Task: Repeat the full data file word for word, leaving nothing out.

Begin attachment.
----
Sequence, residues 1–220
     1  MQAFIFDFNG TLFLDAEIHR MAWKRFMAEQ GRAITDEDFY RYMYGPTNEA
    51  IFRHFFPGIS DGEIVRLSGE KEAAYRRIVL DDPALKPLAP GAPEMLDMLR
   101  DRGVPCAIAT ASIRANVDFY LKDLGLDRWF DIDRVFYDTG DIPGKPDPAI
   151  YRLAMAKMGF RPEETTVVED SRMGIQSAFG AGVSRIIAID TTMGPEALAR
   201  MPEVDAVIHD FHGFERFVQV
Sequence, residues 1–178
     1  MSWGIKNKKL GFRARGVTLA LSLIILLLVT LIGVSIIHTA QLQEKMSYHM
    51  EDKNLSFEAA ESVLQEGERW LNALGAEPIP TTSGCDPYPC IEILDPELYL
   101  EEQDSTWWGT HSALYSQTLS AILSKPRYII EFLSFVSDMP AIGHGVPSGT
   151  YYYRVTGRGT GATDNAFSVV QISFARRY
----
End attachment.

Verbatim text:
Sequence, residues 1–220
     1  MQAFIFDFNG TLFLDAEIHR MAWKRFMAEQ GRAITDEDFY RYMYGPTNEA
    51  IFRHFFPGIS DGEIVRLSGE KEAAYRRIVL DDPALKPLAP GAPEMLDMLR
   101  DRGVPCAIAT ASIRANVDFY LKDLGLDRWF DIDRVFYDTG DIPGKPDPAI
   151  YRLAMAKMGF RPEETTVVED SRMGIQSAFG AGVSRIIAID TTMGPEALAR
   201  MPEVDAVIHD FHGFERFVQV
Sequence, residues 1–178
     1  MSWGIKNKKL GFRARGVTLA LSLIILLLVT LIGVSIIHTA QLQEKMSYHM
    51  EDKNLSFEAA ESVLQEGERW LNALGAEPIP TTSGCDPYPC IEILDPELYL
   101  EEQDSTWWGT HSALYSQTLS AILSKPRYII EFLSFVSDMP AIGHGVPSGT
   151  YYYRVTGRGT GATDNAFSVV QISFARRY